Description: This course studies the immune system, lymphatic system, gastrointestinal tract and digestion, genitourinary system, and the nervous system. An in-depth examination of the five senses is also conducted. Three hours of lecture, three hours of laboratory per week. Offered Spring Semester, annually.
  
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    BIOL 225 - Entomology


    (4 semester hours)
    Prerequisites: BIOL 102 -BIOL 103 
    Description: This course introduces the biology, ecology and evolution of insects in both naturalistic and human contexts. Subject matter and course content includes field observation and collection techniques in addition to case studies of evolutionary, economical and historical importance. Three hours of lecture, three hours of laboratory per week. Offered Summer Semester, even-numbered years.
  
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    BIOL 281 - Cell Biology Lecture


    (3 semester hours)
    Prerequisites: C or higher in BIOL 102 -BIOL 103  
    Corequisite: BIOL 282  
    Description: This course examines the foundations of cell biology including the structure, function, differentiation, and growth of the eukaryotic cell. It is primarily concerned with eukaryotic cells from their evolution, organization, differentiation and biosynthesis. The simplicity and complexity of macromolecules in the cell are covered through multi-modal learning technologies on nutrition, energy production, and synthesis of cellular components. The student develops a thorough understanding of the mechanisms underlying mitosis and meiosis, the cell cycle, and cancer. Three hours of lecture, three hours of laboratory per week. Offered Fall and Spring Semester, annually.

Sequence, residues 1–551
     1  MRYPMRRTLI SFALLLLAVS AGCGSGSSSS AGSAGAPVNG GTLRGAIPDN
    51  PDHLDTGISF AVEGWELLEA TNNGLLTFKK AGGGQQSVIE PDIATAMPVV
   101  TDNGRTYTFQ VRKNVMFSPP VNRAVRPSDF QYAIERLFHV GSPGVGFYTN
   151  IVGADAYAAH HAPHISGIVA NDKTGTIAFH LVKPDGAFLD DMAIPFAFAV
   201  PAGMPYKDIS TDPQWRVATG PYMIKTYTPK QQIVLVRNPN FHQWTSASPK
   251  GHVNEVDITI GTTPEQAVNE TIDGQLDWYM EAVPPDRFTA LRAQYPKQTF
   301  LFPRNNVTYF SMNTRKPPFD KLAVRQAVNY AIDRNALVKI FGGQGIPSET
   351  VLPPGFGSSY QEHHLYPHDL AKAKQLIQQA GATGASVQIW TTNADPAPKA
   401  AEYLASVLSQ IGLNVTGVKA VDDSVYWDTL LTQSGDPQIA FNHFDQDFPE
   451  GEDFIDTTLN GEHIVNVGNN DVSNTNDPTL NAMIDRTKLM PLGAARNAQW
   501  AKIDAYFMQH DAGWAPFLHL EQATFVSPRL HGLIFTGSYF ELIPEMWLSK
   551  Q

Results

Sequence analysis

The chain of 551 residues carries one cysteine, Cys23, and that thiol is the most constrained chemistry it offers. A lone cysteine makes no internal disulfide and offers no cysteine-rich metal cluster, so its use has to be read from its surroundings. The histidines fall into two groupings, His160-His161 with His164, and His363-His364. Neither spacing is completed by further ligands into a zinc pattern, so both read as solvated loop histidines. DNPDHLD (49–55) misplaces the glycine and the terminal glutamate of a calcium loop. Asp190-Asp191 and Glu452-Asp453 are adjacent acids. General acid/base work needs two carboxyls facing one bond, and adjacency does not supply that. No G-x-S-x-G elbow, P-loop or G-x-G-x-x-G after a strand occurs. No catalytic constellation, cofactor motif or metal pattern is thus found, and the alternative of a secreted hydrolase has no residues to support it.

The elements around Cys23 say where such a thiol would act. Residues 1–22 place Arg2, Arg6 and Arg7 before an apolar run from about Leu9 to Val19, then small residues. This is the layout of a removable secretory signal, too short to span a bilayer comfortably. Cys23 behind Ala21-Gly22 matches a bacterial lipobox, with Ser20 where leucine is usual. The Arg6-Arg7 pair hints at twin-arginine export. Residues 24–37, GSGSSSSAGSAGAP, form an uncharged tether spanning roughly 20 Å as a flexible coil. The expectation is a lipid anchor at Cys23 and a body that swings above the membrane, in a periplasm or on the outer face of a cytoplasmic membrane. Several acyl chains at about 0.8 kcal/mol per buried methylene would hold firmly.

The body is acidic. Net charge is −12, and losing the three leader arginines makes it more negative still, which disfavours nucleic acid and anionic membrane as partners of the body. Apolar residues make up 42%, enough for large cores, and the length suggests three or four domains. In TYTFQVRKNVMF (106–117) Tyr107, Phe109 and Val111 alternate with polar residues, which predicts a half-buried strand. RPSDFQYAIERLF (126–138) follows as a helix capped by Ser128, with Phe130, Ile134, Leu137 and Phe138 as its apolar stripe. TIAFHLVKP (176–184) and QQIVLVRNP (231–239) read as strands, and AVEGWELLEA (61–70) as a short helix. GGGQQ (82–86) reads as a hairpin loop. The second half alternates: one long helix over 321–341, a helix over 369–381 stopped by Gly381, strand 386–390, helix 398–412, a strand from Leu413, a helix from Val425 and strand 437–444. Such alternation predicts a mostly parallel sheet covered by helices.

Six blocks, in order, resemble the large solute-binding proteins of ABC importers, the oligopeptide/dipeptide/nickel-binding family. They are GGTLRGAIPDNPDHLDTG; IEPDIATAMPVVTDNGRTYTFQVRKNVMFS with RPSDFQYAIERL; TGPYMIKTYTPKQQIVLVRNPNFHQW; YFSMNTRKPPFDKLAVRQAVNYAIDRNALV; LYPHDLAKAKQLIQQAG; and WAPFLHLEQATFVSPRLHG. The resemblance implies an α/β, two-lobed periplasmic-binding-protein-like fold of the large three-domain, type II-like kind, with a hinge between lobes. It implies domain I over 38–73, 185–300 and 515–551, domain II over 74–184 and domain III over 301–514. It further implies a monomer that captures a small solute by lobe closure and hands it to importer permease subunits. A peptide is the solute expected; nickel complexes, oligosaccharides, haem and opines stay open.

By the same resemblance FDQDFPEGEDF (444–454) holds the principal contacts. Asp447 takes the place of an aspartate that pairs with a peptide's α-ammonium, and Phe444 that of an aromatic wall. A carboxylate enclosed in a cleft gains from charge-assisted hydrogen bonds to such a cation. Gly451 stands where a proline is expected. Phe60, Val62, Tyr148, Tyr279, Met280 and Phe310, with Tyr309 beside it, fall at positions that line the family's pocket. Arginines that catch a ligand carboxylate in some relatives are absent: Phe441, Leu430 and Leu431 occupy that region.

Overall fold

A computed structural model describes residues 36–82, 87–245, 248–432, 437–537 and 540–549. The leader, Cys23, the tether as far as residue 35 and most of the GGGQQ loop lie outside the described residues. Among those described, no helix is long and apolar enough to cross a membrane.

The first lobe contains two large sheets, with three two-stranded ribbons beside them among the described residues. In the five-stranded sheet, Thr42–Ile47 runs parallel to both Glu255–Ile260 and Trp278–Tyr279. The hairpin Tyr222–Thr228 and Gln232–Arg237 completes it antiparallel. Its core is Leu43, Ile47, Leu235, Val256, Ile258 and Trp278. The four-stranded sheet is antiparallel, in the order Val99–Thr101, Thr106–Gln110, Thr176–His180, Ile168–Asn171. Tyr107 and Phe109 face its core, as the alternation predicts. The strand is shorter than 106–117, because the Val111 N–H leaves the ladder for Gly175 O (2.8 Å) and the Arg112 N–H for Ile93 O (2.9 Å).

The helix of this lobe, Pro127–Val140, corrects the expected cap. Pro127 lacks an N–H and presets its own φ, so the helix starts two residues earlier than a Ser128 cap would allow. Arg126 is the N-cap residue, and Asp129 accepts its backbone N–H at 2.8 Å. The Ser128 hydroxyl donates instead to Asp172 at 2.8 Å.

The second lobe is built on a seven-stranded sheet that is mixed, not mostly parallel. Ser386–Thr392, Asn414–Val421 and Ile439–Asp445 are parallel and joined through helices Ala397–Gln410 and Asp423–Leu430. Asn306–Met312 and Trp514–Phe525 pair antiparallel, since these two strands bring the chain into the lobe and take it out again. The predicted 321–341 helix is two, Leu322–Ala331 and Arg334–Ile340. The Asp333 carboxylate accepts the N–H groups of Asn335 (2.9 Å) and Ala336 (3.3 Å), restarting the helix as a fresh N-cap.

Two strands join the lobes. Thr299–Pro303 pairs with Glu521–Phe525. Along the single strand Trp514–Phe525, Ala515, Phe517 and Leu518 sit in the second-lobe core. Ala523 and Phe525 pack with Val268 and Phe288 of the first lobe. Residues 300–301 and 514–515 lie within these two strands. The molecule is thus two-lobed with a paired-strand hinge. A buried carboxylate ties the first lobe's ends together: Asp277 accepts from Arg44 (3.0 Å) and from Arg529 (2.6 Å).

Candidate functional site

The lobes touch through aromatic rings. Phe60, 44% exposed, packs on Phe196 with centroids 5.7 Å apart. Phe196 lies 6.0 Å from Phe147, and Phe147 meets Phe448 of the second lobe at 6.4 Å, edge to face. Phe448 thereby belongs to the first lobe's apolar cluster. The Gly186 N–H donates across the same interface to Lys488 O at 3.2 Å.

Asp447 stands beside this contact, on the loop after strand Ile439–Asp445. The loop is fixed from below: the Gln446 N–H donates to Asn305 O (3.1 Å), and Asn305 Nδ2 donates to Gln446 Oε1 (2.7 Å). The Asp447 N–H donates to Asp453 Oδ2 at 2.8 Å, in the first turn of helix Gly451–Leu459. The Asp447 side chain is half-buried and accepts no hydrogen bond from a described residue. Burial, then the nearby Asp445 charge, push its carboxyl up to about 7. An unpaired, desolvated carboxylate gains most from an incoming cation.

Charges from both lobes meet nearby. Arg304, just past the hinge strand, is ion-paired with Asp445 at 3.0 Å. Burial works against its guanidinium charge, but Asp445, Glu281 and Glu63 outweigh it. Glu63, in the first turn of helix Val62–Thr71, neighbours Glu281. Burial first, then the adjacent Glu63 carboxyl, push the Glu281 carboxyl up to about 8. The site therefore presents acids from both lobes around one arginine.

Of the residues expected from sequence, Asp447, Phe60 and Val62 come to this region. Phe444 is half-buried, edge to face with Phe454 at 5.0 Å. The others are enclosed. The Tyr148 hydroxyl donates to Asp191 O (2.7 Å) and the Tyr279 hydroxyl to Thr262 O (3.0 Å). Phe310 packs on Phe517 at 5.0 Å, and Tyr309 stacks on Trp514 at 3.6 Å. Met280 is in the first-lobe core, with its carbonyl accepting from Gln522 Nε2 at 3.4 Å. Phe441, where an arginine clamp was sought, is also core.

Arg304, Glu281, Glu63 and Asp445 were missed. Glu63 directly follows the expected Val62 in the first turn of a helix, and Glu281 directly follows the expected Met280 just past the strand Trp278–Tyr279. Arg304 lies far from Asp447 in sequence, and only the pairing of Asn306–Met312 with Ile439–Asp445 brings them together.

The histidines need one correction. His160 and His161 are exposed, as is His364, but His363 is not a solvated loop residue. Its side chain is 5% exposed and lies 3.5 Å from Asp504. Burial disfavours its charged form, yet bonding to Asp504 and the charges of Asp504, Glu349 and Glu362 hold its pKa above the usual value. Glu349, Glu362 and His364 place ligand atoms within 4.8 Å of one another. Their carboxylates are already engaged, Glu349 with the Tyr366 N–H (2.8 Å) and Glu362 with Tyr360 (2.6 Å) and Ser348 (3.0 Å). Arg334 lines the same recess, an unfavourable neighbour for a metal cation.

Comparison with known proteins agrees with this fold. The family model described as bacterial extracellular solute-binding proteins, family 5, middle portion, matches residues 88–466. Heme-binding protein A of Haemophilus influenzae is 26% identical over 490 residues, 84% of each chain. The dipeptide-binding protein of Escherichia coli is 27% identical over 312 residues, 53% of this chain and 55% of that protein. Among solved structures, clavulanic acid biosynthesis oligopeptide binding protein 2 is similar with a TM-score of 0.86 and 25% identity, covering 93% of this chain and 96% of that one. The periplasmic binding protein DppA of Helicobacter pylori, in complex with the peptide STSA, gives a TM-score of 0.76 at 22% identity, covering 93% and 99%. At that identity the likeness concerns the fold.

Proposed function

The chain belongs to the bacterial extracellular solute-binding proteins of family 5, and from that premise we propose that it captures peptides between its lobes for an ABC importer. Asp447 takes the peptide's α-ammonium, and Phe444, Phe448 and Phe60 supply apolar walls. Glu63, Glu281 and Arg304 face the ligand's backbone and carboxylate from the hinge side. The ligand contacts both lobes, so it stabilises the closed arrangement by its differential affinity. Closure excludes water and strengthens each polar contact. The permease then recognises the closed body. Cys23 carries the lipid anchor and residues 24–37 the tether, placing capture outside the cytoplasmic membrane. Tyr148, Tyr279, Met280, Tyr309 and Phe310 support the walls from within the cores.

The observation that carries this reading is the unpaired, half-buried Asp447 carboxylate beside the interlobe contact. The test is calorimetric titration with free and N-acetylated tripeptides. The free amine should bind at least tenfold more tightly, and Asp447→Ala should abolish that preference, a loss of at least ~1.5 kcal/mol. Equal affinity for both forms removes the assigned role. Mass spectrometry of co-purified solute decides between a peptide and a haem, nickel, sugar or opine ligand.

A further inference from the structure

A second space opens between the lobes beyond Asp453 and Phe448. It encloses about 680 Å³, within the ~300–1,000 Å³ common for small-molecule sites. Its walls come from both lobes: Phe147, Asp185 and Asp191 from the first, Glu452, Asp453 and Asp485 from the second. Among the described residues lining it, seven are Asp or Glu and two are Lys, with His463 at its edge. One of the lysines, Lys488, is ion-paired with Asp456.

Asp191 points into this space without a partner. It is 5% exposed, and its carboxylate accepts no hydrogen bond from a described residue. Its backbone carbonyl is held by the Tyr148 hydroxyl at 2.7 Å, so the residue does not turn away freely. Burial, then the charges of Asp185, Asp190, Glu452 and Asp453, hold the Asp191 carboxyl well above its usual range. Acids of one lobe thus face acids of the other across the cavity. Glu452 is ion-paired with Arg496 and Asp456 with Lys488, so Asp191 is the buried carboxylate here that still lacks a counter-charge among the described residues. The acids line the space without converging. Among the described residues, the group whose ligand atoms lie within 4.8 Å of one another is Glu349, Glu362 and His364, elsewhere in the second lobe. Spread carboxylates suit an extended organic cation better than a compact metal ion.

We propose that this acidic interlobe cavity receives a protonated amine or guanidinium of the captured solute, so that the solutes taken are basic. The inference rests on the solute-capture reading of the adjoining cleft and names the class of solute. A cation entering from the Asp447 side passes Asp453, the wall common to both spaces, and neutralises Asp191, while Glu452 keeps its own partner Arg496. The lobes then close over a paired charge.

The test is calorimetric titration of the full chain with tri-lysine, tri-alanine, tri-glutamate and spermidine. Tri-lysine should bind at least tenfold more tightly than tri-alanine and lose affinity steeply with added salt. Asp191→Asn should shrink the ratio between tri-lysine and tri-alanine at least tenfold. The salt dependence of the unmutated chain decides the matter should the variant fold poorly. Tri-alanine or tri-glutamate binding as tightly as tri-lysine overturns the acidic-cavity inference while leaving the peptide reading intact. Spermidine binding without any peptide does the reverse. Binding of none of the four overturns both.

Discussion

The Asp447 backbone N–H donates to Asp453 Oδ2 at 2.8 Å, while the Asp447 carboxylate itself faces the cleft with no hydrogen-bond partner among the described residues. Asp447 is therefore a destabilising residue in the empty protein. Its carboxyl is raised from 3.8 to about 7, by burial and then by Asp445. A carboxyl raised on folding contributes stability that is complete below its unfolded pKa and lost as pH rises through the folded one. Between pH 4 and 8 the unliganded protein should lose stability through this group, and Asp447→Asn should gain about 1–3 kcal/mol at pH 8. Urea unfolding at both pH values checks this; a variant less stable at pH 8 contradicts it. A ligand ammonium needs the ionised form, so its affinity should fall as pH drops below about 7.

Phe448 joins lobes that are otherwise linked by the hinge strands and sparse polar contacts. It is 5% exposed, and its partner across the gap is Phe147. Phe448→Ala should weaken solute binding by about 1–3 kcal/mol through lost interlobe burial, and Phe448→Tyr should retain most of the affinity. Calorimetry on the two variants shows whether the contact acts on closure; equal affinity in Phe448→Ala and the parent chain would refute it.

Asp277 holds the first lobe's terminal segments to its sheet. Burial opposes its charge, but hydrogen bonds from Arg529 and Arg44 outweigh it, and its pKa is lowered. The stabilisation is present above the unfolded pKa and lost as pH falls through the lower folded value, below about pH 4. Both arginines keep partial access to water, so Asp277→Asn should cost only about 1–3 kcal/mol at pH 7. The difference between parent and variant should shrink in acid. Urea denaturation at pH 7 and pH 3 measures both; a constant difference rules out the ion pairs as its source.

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    BIOL 282 - Cell Biology Laboratory


    (1 semester hour)
    Prerequisites: C or higher in BIOL 102 -BIOL 103  
    Corequisite: BIOL 281  
    Description: Companion laboratory component that examines the foundations of cell biology including the structure, function, differentiation, and growth of the eukaryotic cell. It is primarily concerned with eukaryotic cells from their evolution, organization, differentiation and biosynthesis. The simplicity and complexity of macromolecules in the cell are covered through multi-modal learning technologies on nutrition, energy production, and synthesis of cellular components. The student develops a thorough understanding of the mechanisms underlying mitosis and meiosis, the cell cycle, and cancer. Three hours of lecture, three hours of laboratory per week. Offered Fall and Spring Semester, annually.
  
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    BIOL 302 - Principles of Ecology


    (4 semester hours)